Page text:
Strikes led by France's union workers threaten to cripple the country and its travel network as refineries, ports and air traffic control are affected in the eighth non-consecutive day of protest against a controversial labour bill.
The legislation, rushed through French parliament without a vote, is designed to facilitate hiring by curbing workers' rights and loosening France's statutory 35 hour week. The measures by the Hollande government have been met with fierce opposition by Workers from the General Confederation of Labour (CGT) and a coalition of other unions.
Le Monde reported industrial action was underway in Brest, Nantes, Rennes, Caen, and Havre at the start of the day. Road blocks, particularly in southern Avignon east of Amiens and in Toulouse have left trailing traffic and paralysed the transport system in many areas.
France 's civil aviation directorate has recommended that companies reduce their flights at from Paris Orly by 15%, due to the strike. A third of France's 12,000 petrol stations are now running dry because of the action, the BBC reported. Around 40% of petrol stations around Paris are struggling to get fuel, according to Transport Minister Alain Vidalies.
Blockades on France's refineries have created a petrol scare in the country over the last week. Six of eight refineries in total have been affected.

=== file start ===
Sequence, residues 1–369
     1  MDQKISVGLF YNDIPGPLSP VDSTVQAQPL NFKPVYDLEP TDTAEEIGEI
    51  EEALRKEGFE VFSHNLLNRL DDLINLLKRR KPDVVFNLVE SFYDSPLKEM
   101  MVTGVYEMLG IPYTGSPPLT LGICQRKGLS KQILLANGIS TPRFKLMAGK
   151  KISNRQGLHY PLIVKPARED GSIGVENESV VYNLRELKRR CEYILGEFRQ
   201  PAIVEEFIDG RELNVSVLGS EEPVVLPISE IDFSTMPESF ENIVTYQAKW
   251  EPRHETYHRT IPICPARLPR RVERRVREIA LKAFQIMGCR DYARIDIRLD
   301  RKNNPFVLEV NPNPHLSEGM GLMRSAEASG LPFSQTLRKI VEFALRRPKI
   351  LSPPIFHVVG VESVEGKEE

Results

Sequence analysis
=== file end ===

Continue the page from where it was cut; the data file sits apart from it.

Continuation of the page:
Most French ports have gone on strike, with docks closed until Friday, 26 May. The port workers' branch of the CGT chose to extend their action, in reaction to what they claimed was police violence in Fos-sur-Mer where security forces broke up a union picket on 24 May.
Of France's 19 nuclear power plants 16 have gone on strike. The majority CGT workers at the plants have voted to impose blockades with EDF which manages the facilities saying it is prepared to deal with the disruptions and normal service should continue.
Despite the widespread disruption, six in 10 French people (62%) feel the movement against the labour law us"justified", according to an poll commissioned by the television channel RTL. Le Parisien reported only 37% of respondents to its poll felt the unions were to blame for the current impasse.
In response to the mounting pressure French prime minister Manuel Valls has said there could be possible changes in a labour bill, adding the government will not abandon its plans. The CGT union has rejected the statements. The union has said the bill must be scrapped, not amended.